Saturday, May 7, 2011

Who Should Build Taiwan's Subways?

Some politicians in Taichung and Xinbei are upset that construction of MRTs in those cities is managed by Taipei's Department of Rapid Transit Systems. Taichung's government has so little involvement with rapid transit construction that Jason Hu didn't even know the completion date had been pushed back two years (to 2017), or that its cost rose over 10 billion NT dollars. Yu Tian, a national legislator from Xinbei (I think DPP), also complained that Taipei's MRT is too "Taipei-centric". "It only takes 20 minutes to take a taxi from Banqiao to Sanchong, but to do the same trip by MRT you have to change lines twice", to paraphrase his complaint. They feel rapid transit construction should be handed over to the central government, possibly the TRA.
There's a good case to be made for central control, given that Taipei's MRT already crosses county borders and Taichung's and Kaohsiung's may do the same in the future. The fact that Hu didn't know even basic information about Taichung's MRT also suggests reform is needed, though I don't see how central control would necessarily increase local involvement. Yu's complaints however ring hollow: of course Taipei is the center of the MRT network, because that's the economic center of the region. Even if it wasn't, it lies at the center of the Taipei Basin, surrounded on all sides by Xinbei, so the shortest paths between many parts of Xinbei (e.g., Xindian and
Luzhou, Xizhi and anywhere else) lie through central Taipei. It is hard to believe that there's as much demand for a rapid transit line between each of Xinbei's districts- and by the way, Taipei is constructing one anyway. That's not to say that they shouldn't build, just that it makes sense that it has been a lower priority than lines connecting Xinbei to central Taipei and Xinyi.
To be fair it is true that Taipei gets an unfair portion of Taiwan's resources. A better way to resolve this problem though would be to integrate Taipei and Xinbei, instead of perpetuating a political division that obscures the two cities' interdependence.


Jenna said...

Interesting post! As someone who often does have to go from, say, Banqiao to Luzhou (more likely it's Tucheng to Zhonghe, actually - and yes, I do in fact have to do that on occasion) I do see a point in building a line out there. That said, Brendan has worked for the MRT company and his students have said that with the exception of the Nanshijiao line, none of the Xinbei lines are all that profitable or busy - generally the cash is made from riders in Taipei. I can confirm this - when I go out to Tucheng, the train is packed until Longshan Temple and clears out at or before Jiangzicui and is never crowded on the way back until it's back in Taipei city.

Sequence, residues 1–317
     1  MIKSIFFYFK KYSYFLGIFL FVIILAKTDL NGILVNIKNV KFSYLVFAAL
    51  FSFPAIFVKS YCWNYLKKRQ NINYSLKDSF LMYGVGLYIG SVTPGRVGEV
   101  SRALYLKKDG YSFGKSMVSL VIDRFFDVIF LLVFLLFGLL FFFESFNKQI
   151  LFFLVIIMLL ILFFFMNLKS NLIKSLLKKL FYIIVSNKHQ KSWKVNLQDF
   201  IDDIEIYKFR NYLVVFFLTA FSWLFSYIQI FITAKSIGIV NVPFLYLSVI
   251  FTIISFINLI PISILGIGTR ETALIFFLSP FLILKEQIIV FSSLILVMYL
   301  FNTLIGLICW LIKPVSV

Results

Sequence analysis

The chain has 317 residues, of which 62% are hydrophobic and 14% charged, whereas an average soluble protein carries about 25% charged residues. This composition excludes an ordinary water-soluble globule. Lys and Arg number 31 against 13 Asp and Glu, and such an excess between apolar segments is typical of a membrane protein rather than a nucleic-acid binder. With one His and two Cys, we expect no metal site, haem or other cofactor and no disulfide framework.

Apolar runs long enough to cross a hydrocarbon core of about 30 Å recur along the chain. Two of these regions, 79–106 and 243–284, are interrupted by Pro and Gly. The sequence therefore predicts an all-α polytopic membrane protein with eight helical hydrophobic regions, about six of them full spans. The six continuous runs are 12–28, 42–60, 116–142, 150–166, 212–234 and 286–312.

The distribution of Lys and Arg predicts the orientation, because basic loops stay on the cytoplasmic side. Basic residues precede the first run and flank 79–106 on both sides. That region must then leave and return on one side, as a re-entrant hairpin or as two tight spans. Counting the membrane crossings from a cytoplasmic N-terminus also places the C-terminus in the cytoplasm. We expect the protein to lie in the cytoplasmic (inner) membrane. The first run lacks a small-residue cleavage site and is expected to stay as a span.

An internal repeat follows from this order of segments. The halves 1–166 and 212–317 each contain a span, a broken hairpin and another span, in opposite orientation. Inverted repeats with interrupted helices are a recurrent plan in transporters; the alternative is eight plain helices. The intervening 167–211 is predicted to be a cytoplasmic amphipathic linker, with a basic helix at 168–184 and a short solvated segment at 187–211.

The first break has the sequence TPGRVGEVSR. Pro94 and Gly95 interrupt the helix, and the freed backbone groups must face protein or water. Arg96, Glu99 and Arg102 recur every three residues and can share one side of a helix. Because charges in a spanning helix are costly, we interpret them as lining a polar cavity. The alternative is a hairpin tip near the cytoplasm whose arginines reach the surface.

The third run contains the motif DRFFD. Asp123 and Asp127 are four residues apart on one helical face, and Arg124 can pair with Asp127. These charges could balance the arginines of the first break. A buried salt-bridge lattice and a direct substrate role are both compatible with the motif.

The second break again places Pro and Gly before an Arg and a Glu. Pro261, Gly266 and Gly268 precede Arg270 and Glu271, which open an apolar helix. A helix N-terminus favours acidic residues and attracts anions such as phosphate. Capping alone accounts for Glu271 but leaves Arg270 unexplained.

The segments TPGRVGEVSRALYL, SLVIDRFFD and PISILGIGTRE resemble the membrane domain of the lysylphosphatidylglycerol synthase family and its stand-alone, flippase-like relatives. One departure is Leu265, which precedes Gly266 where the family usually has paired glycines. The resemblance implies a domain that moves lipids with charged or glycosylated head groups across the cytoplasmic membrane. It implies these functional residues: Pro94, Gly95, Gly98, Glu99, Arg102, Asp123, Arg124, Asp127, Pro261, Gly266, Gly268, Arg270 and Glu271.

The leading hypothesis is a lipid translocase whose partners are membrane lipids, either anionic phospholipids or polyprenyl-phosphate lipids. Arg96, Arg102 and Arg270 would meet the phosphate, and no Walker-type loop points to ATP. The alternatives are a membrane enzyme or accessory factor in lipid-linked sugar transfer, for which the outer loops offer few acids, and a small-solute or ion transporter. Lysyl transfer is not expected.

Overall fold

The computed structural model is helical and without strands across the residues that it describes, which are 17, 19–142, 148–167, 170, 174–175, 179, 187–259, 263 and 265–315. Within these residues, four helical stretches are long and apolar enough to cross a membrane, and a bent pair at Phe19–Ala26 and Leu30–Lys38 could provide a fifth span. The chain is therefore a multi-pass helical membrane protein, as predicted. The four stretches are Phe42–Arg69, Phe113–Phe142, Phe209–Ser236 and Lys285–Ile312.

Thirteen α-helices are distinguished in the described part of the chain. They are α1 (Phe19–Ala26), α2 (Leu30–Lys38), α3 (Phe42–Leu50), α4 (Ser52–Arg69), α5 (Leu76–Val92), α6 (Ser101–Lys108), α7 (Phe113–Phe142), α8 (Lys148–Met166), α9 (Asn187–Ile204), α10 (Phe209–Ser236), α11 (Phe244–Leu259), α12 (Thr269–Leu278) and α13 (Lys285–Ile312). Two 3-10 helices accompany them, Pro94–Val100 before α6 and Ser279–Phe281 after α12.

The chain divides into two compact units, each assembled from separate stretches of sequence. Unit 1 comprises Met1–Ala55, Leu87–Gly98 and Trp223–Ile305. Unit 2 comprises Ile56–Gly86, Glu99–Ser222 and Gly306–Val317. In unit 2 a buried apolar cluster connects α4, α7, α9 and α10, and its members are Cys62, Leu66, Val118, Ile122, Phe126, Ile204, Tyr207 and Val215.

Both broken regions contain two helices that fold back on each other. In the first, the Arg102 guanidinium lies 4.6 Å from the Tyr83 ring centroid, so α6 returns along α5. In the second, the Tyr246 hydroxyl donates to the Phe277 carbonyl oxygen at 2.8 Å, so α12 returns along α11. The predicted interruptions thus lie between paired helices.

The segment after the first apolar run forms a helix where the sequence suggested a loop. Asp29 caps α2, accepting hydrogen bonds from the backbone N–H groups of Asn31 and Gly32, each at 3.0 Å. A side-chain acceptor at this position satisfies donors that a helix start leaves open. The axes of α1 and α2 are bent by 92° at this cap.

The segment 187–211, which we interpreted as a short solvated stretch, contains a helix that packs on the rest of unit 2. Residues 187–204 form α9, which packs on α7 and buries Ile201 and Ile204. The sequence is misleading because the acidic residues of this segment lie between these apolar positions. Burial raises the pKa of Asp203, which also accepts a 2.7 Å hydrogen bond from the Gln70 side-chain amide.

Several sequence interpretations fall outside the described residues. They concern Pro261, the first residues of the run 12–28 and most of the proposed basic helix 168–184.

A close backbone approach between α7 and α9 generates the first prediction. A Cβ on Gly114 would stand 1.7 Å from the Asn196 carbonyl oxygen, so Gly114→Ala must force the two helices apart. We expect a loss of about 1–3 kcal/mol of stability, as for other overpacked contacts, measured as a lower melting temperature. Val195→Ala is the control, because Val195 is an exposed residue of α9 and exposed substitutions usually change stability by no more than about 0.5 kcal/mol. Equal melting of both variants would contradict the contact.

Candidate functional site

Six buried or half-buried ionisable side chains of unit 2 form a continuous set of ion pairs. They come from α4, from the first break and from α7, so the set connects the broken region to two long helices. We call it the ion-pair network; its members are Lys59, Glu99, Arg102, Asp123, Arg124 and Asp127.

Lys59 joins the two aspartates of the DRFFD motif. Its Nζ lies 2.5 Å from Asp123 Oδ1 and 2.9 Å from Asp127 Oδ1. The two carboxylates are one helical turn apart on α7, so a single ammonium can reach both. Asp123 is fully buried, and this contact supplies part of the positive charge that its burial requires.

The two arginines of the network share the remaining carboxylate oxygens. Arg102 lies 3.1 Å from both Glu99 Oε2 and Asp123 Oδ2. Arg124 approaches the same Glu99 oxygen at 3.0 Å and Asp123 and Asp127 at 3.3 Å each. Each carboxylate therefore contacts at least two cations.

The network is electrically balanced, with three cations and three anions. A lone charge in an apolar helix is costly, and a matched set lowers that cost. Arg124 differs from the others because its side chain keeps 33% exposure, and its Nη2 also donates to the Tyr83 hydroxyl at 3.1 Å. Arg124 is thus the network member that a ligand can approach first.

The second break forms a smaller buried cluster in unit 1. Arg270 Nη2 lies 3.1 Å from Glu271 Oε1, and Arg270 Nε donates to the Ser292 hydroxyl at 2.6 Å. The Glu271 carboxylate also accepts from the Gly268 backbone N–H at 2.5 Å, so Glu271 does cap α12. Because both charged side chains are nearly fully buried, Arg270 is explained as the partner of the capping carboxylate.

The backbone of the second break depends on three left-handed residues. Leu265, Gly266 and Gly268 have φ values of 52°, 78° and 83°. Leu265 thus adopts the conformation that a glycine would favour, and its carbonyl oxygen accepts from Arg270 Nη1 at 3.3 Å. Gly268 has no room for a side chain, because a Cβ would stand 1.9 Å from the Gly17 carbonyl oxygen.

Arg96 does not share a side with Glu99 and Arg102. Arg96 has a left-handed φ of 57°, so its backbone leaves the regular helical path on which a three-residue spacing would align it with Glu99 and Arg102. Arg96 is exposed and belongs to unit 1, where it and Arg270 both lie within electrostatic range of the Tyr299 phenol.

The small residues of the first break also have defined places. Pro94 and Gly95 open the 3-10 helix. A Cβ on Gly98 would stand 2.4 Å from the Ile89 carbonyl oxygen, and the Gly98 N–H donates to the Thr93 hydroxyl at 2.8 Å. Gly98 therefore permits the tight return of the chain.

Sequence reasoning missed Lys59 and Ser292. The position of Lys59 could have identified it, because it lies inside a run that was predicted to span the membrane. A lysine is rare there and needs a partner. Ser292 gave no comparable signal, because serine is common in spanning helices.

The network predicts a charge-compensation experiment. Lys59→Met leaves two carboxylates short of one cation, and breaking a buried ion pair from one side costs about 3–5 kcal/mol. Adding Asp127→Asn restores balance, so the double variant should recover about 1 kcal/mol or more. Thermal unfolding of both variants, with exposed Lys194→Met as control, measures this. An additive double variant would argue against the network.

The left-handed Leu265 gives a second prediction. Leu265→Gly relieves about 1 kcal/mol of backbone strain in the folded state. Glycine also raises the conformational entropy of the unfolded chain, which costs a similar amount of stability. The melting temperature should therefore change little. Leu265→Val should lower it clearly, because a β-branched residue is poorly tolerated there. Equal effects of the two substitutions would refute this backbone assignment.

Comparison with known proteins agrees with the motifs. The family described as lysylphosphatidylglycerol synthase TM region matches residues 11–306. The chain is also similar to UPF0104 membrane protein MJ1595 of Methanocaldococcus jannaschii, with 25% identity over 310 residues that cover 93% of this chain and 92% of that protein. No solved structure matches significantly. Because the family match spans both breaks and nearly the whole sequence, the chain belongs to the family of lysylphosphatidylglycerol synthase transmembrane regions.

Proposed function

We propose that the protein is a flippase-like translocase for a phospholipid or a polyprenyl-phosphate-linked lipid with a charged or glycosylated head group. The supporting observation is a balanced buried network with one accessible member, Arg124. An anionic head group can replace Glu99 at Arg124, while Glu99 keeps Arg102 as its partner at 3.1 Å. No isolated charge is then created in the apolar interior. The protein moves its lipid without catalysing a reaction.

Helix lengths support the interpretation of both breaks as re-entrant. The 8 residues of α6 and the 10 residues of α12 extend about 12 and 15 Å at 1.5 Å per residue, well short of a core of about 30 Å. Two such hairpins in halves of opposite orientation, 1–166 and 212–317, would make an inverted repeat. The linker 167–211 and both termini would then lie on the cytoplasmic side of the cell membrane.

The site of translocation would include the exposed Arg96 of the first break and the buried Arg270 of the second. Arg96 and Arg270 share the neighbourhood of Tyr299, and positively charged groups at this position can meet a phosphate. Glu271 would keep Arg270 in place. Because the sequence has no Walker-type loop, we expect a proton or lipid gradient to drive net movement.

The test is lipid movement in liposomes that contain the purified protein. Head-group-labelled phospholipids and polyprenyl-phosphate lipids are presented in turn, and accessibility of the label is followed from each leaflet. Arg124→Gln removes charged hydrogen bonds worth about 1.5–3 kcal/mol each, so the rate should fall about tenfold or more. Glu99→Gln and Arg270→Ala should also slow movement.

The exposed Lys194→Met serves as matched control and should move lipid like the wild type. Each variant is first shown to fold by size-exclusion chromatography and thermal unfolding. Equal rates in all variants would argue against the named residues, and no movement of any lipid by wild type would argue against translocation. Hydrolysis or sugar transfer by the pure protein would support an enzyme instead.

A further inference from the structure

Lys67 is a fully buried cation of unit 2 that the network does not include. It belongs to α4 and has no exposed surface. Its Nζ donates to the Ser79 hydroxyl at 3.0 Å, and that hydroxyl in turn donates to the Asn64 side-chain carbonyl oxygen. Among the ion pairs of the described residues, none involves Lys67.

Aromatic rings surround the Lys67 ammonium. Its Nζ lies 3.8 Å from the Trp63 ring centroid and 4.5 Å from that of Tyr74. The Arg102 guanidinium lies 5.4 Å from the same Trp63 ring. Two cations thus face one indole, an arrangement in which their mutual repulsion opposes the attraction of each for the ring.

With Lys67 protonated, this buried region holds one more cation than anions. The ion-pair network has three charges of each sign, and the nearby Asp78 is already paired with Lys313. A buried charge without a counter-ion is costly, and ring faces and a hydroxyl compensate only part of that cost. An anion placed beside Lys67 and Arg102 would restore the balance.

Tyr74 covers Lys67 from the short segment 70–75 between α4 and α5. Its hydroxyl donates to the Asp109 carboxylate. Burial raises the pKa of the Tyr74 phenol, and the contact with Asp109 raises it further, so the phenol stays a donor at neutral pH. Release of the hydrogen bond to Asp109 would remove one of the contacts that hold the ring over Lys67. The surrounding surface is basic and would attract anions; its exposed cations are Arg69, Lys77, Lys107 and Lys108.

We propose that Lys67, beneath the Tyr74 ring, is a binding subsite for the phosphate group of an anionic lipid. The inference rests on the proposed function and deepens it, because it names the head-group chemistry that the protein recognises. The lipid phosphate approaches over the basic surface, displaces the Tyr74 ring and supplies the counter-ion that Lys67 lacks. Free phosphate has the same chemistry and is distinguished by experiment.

What I'd love is to be able to get to the Muzha line without two transfers. I live close to Muzha but it's hard to get there from Jingmei on current public transit - the easiest option if you're not taking a bus is to take a taxi to Wanfang Hospital - it makes no sense to take the MRT the whole way!

David said...

There are good reasons for building the orbital line through what was formerly Taipei County. The arc from Sanchong through Banqiao and Zhonghe/Yonghe to Xindian actually contains a large part of the population of Greater Taipei.

J said...

@David, It's not that I think there's no demand for the first phase of the orbital line, just less demand than for any of the lines connecting Xinbei to Taipei. It should be built, but after the other lines. Just because the orbital line hasn't been prioritized doesn't mean the MRT planners aren't working in the best interests of Xinbei. If Yu Tian wants to argue that he'll have to show that more people want to go between Xinbei's districts than from Xinbei to Taipei. That could be the case, but it's counterintuitive and anyone making it needs to present data.
@Jenna, Yeah, the Muzha line really doesn't fit in well with the rest of the MRT. I've read somewhere (can't remember where!) that some people thought its alignment was chosen because of shady real estate deals- why else does it go through the less-populated parts of Muzha, and skip NCCU, which is probably one of Mucha's major destinations? In my fantasy MRT the Muzha Line would go from NCCU to Jingmei, have cross-platform transfers to the Xindian Line at Jingmei and Wanlong, and then go north along Fuxing or Dunhua. That would make getting from the green line to anywhere in east Taipei or from Muzha to anywhere in west Taipei far more convenient. Maybe they can do that when they rebuild the Wen-Hu line for greater capacity (which I think they should do after the last phase of expansion is completed).